Forget about your views on the topic of medical marijuana. This story is not about that issue. This story is about 10-year-old Waylon Cordle and a mother who would walk through fire to get help for a child who has scores of seizures every month due to a condition called intractable epilepsy. Intractable epilepsy is a seizure disorder in which a patient’s seizures fail to come under control with treatment. These seizures are sometimes also called “uncontrolled” or “refractory.”
“He suffers from numerous seizures every day,” Tara Cordle told The Daily Times. “His whole body convulses. He requires oxygen sometimes when he has them. He stops breathing. His lips turns blue. His face turns gray.”
Cordle said her son’s journey through the odyssey that is intractable epilepsy, began when he was seven. The first time it happened, Waylon was in Nationwide Children’s Hospital in Columbus. His brain was non-stop seizing and he was placed in a medically-induced coma for 26 days – the first time.
When he came out of the coma, he was a seven-year-old infant and required rehab to learn to walk, talk and eat again. It was not by any means, the last time. In fact the last time was in October, when he was placed in a coma for 32 days to quiet his brain down.
Medical care? You bet.
“He swallows 47 pills a day and still suffers from seizures,” Cordle said. “That’s why I advocate for medical marijuana in Ohio.”
Has it been tried on him?
“He’s in an Epidiolex study trial at Nationwide Children’s Hospital using a derivative of cannabis. They take pieces out of it,” Cordle said.
Cordle’s life has been one of advocacy for her son. She has been called everything from “pushy” to “relentless.” She doesn’t care. To say she has spent several days in the state capitol, testifying and advocating, is an understatement.
“Most of the people at the statehouse, most of the senators and state reps, all know who we are because we have literally beat their doors down for a couple of years,” Cordle said. “There’s lots of naysayers that are still out there. But we actually did it and that’s all that matters.”
At one point she took canisters containing 17,484 beads, representing the number of pills her child takes each year.
On Wednesday, Cordle was rejoicing over the fact that Ohio Governor John Kasich signed the medical marijuana bill, HB 523, into law, making Ohio the 25th state to do so.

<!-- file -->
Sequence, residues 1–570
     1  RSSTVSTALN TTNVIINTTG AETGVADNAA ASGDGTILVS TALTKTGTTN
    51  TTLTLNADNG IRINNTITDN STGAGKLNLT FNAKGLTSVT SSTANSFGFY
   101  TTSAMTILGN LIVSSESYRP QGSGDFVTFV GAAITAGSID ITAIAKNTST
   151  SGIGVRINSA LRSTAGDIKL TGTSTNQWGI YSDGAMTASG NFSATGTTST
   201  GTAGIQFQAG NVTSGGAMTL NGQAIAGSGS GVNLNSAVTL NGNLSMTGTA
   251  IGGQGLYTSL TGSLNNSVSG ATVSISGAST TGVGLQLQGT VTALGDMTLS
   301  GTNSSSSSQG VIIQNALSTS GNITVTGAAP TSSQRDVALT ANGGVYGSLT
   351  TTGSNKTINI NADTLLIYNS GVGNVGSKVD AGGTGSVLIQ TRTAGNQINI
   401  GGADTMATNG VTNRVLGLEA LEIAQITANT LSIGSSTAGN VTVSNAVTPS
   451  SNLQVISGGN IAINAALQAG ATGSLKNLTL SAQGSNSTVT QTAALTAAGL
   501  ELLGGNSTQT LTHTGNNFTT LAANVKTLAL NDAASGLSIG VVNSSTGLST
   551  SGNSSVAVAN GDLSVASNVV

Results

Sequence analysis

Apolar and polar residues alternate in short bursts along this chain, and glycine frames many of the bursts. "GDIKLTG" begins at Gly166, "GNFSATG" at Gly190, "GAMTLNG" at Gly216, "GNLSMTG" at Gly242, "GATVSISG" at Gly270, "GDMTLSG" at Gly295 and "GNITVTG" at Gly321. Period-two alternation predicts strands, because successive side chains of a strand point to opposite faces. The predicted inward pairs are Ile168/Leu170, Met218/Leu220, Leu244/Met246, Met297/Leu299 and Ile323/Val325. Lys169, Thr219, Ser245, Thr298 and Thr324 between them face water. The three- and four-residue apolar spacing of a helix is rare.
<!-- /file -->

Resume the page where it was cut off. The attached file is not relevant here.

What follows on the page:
“This is a joyous day for the thousands of Ohioans who will finally be able to safely access much-needed medicine,” Ohioans for Medical Marijuana spokesman Aaron Marshall said. “As we continue this movement to bring medical marijuana to all Buckeyes who need it, we will remember today as a huge step forward.”
Will the signing of the bill into law clear the path for her to get help for her child?
“Absolutely,” Cordle said. “It still costs us and there’s still people who have to learn what to do and how to do it and get it up and running. Once it becomes law, as long as I have a doctor recommendation, I’ll be able to go to a legal state and bring home medicine without worrying about being in trouble in Ohio by getting a life-changing, life-saving medication that will help him.”
In 2015 , the Benton family — Heather, Adam and 3-year-old Addyson — picked up stakes and moved from Ohio to Colorado in order to get medication from what is a derivative of cannabis. Suffering from over 1,000 seizures per day, Addyson was diagnosed with myoclonic epilepsy. They had tried several medications – none worked.
“They’re friends of mine,” Cordle said. “I’ve been to Colorado and spent time with them. They literally picked up their lives – after they had built a brand new house and moved to save their daughter.”
That move is part of what inspired Tara.
“We’ve been fighting ever since and yesterday (Wednesday) was a game changer,” Cordle said. “For years, we have just fought and argued and called and emailed and knocked on the statehouse doors until they finally started listening.”
Some pro-medical marijuana people are still skeptical about the law because they say it doesn’t go far enough. There are those who are advocating home-growing.
“We tried to push for that because it would be cheaper,” Cordle said. “I’m not going to walk down the street and smoke weed like people think. This is just going to be a learning process for Ohio and we hope we can do the right thing from the get-go, but we actually did it – that’s all that matters.”
Reach Frank Lewis at 740-353-3101, ext. 1928, or on Twitter @franklewis.